At approximately—no, check that—at exactly one minute and 24 seconds into the first quarter of Super Bowl XXIX at Miami's Joe Robbie Stadium, everybody knew this one was over. Three quarters of a billion people were suddenly witnessing another of those huge mismatches of which Super Bowls seem to be made. San Francisco 49er wideout Jerry Rice crossed the San Diego Chargers' goal line with a 44-yard touchdown pass from quarterback Steve Young, wearing Charger safeties Stanley Richard and Darren Carrington like twin tails on his Superman cape, and the signal was loud and clear: uh-oh.
That touchdown capped the fastest scoring drive in Super Bowl history: the opening kick return; a four-yard completion from Young to fullback William Floyd; an 11-yard completion to wideout John Taylor. Then Rice. Boom. Done.
Wouldn't the Chargers have expected Rice, who has only scored more touchdowns than anyone else in NFL history, to link up deep with Young, the fellow who has led the league in quarterback rating for an unprecedented four straight years? Well, yes, by golly, they did think of that. Back in December, San Diego, playing its linebackers deeper than normal and using a lot of double coverage on the 49er wide-outs, had been walloped 38-15 by the Niners. San Francisco had nickeled-and-dimed the Chargers to death that day. So on Sunday, San Diego decided to move its linebackers up tighter, play the 49er wide-outs more aggressively on the short stuff and pray that its safeties could bottle up the middle.
God to Chargers: Prayer rejected.
February 6, 1995
"We were in a man-free zone, and I was outside," said a stunned Richard of that opening score. "There's supposed to be a man in the deep middle, and there wasn't." There hardly seemed to be any Chargers anywhere. The point is, when playing the Niners, about all you can adjust is the speed of your death, not its inevitability. The final score on Sunday was 49-26 in San Francisco's favor, but it probably could have been 63–26, if 49er coach George Seifert hadn't quit passing and then yanked his offensive stars for much of the fourth quarter. "We're part of history," summed up San Francisco guard Jesse Sapolu in the locker room afterward. "This is probably the best offense people will see in their lifetimes."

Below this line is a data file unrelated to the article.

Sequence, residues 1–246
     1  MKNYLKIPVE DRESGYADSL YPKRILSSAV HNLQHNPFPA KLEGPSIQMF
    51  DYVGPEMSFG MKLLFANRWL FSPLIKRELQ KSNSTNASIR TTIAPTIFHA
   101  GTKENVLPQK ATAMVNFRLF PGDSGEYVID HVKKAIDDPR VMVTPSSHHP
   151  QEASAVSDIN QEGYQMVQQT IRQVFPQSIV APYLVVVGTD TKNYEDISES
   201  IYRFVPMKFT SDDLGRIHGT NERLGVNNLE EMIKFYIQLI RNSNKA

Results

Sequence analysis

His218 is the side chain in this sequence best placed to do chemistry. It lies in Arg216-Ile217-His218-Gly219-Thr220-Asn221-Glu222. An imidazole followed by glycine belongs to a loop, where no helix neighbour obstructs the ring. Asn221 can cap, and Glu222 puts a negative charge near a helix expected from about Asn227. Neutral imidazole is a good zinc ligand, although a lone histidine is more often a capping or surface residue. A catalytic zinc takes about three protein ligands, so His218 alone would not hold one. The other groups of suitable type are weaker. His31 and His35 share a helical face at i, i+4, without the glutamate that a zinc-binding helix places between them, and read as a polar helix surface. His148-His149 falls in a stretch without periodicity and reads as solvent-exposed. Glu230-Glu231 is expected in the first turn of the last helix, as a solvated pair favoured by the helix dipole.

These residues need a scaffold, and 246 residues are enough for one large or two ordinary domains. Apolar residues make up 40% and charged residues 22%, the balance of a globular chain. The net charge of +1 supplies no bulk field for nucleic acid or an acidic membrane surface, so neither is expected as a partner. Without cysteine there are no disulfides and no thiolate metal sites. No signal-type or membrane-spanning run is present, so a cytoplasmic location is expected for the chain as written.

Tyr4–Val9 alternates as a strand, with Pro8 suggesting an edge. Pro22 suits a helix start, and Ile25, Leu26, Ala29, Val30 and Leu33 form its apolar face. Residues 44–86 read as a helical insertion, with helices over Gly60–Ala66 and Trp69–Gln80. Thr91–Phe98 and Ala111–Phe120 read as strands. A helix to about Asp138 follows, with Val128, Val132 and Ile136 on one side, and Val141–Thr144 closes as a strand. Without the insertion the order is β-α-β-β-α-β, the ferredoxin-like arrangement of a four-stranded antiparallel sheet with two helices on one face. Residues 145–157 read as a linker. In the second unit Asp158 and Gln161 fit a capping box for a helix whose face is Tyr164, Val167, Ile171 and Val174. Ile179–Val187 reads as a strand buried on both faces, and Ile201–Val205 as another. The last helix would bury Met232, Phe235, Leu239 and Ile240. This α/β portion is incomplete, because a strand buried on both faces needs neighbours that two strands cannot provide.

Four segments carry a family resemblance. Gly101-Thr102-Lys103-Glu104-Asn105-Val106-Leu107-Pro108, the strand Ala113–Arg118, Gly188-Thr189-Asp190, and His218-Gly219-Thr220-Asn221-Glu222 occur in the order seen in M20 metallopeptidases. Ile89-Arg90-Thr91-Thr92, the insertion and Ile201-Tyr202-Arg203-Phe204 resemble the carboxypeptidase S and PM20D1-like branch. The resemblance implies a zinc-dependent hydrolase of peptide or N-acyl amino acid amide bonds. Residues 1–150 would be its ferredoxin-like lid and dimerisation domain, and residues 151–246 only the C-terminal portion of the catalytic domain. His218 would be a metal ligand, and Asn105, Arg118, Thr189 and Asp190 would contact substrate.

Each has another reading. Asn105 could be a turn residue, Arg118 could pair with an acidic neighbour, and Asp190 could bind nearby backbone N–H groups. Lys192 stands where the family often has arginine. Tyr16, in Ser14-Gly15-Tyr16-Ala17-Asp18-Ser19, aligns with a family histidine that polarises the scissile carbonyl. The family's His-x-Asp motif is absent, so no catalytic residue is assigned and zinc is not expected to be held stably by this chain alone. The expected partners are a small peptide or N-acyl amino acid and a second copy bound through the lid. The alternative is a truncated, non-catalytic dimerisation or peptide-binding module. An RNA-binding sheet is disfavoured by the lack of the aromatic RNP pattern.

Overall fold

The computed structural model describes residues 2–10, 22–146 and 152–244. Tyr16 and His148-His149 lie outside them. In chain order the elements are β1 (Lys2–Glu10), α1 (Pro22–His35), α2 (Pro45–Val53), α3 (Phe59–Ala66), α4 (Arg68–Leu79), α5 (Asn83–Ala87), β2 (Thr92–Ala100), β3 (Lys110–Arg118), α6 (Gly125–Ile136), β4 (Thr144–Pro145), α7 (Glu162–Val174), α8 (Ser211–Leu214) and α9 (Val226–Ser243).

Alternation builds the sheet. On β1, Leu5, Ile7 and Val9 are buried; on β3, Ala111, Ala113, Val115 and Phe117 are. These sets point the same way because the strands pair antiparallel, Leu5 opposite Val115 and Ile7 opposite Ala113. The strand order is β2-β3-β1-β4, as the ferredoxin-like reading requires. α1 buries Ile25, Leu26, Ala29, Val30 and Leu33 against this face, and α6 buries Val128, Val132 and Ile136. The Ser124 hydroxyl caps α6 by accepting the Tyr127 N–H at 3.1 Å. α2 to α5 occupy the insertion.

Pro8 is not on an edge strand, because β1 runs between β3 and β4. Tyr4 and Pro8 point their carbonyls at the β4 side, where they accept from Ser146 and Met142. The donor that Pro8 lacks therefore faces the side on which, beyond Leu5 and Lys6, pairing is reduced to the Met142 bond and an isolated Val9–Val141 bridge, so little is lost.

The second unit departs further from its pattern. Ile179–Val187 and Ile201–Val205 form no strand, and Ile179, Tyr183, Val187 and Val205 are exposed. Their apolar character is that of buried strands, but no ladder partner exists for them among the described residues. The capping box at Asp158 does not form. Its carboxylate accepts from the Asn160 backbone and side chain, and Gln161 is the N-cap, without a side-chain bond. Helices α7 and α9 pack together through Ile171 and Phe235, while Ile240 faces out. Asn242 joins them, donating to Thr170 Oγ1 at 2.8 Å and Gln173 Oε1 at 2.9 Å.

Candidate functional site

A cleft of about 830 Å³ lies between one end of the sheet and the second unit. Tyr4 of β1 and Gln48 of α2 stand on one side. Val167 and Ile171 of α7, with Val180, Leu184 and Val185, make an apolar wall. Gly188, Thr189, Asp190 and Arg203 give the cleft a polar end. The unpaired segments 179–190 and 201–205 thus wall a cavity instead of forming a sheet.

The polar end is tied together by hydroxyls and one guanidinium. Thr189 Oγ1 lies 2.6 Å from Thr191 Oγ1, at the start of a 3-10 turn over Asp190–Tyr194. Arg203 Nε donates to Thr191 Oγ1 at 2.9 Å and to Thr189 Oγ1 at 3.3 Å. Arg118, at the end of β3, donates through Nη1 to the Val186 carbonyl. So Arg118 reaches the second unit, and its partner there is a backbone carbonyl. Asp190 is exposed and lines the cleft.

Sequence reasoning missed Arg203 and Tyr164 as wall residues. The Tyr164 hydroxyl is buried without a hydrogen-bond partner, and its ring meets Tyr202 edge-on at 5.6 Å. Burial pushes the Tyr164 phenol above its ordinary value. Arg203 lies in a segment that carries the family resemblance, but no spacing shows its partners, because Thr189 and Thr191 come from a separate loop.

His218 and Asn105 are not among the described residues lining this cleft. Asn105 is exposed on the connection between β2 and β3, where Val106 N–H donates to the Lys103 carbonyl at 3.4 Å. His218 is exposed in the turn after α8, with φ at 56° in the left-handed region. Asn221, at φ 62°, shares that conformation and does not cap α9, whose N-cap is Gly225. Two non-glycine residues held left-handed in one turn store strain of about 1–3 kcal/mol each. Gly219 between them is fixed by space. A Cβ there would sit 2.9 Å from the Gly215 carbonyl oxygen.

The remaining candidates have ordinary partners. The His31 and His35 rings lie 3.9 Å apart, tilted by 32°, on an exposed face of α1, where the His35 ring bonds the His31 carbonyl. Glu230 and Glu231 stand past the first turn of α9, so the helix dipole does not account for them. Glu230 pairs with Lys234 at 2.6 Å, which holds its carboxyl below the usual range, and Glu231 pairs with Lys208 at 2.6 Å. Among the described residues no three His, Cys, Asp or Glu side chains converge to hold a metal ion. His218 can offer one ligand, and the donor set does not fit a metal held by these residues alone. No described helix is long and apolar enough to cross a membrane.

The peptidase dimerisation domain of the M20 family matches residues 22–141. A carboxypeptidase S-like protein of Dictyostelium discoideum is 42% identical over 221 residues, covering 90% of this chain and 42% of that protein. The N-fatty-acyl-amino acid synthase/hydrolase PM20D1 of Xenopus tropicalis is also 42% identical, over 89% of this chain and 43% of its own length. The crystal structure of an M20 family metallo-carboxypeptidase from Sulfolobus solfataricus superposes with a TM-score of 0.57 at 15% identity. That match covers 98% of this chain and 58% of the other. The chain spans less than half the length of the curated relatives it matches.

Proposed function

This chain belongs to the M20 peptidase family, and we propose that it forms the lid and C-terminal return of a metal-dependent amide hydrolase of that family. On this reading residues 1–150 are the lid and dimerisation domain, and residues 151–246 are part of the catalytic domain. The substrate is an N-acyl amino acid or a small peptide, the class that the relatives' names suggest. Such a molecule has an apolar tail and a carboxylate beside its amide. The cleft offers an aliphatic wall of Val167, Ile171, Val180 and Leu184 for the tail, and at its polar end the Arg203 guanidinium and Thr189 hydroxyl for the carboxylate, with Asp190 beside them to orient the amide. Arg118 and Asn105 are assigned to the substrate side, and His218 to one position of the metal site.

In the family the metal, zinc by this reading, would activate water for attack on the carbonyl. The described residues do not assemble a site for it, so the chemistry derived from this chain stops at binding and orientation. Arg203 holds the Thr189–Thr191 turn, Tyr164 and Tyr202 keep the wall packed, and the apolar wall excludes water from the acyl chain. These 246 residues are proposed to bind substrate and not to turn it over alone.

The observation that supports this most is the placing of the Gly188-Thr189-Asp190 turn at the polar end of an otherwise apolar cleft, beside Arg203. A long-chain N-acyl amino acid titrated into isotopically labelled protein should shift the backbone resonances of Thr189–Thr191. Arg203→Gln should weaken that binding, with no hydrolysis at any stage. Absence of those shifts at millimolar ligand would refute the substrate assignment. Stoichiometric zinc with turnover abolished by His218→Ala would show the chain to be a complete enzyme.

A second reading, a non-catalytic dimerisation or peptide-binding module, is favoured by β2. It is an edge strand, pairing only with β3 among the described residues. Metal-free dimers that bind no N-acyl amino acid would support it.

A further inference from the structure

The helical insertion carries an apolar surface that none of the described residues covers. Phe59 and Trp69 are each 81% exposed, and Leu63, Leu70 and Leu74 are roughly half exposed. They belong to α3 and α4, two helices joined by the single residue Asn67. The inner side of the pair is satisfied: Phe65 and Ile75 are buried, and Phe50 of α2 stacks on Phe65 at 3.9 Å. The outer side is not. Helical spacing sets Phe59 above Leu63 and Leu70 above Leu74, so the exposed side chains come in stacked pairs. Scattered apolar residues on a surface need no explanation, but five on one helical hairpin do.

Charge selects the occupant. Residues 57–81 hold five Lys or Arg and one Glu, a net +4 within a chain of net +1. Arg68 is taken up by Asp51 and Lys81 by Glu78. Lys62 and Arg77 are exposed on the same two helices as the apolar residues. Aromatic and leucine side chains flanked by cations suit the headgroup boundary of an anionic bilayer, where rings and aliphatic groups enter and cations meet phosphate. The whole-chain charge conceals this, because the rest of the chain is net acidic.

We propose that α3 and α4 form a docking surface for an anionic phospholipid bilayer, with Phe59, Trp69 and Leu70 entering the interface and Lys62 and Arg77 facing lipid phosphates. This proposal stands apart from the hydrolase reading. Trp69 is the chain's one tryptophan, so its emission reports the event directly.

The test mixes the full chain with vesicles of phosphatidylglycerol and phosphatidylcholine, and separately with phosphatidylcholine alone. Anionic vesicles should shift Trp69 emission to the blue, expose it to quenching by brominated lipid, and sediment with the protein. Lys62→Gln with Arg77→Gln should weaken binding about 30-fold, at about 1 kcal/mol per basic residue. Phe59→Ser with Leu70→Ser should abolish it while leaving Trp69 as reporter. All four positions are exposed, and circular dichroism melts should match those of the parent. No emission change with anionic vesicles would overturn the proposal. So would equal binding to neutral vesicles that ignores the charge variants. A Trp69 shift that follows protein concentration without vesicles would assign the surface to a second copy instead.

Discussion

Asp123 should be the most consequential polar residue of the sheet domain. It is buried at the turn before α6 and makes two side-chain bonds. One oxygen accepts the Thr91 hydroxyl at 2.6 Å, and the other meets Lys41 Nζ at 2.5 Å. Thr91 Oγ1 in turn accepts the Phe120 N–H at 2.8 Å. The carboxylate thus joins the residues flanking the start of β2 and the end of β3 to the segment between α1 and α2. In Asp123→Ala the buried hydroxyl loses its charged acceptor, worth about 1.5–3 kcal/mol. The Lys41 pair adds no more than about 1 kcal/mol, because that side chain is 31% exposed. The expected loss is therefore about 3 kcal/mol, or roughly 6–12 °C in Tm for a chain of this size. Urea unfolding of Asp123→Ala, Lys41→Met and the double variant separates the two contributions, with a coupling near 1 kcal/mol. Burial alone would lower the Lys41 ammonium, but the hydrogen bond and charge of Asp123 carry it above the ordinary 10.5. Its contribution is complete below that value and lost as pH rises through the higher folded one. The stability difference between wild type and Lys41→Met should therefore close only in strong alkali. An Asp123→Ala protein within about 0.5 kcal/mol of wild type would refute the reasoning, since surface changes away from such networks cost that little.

Depends on how old you are. Because if you live long enough, you may see the 49ers do this again and again into the next millennium. While all other NFL teams ride the normal peaks and valleys of sports, the Niners calmly massage the salary cap, pull off some astute off-season free-agent acquisitions, draft shrewdly, recharge Rice and Young and, voila, they're always near the pinnacle.
The second time San Francisco got the ball on Sunday, it slowed down just a bit, needing a full 1:53 to march 79 yards for a touchdown. The drive included a 21-yard scramble by Young and was topped off by his 51-yard touchdown pass to running back Ricky Watters, who broke tackles by each of those two snakebit Charger safeties. That gave the Niners a 14–0 lead with more than 10 minutes remaining in the first quarter. Just then the Chargers might have envied that little boy in the new Pepsi commercial who is able to suck himself right inside the bottle.
But there is nowhere to hide when the 49ers come calling. Young came into the game having thrown for 4,267 yards and 37 touchdowns, and his offense had averaged 31.6 points per game in the regular season. At practice on the preceding Monday at the University of Miami, the San Francisco attack was already running through drills as smoothly as honey melts into tea. With more weapons at his disposal than the proprietor of a gun shop, Young moved his unit up and down the field at will. Except for the skittish Rice, who dwells in his own world of discipline, fear and conquest, everybody was loosey-goosey. Even the preternaturally calm Seifert was stirred, saying the session was "as good a practice as I've ever seen us have. It was scary."
This was precisely the way everyone feared it would be. The 49ers were favored by 19½ points, the largest spread in the history of the Super Bowl, and an AFC team hadn't won this thing in a decade; it was impossible to figure any way that the Chargers could withstand the Niner tidal wave. "We've been the over-dogs in a number of games this year," said Young, adding that that was how the 49ers liked it. "We're risking everything. If we lose? Absolute train wreck."
On Wednesday of Super Bowl week, San Francisco owner Eddie DeBartolo Jr. sat poolside at his hotel in Miami Beach. Despite his enviable position—nobody in the NFL can come close to matching the 49ers' skill level and their record these last 15 years except the Dallas Cowboys, and those detested foes were vanquished two weeks ago in the NFC Championship Game—DeBartolo was in a dark mood. The hotel was the one at which he and his wife, Candy, had spent their honeymoon back in 1968, but somehow DeBartolo could not see the bright side of things. Imminent decay haunted him. And there was no time to rest.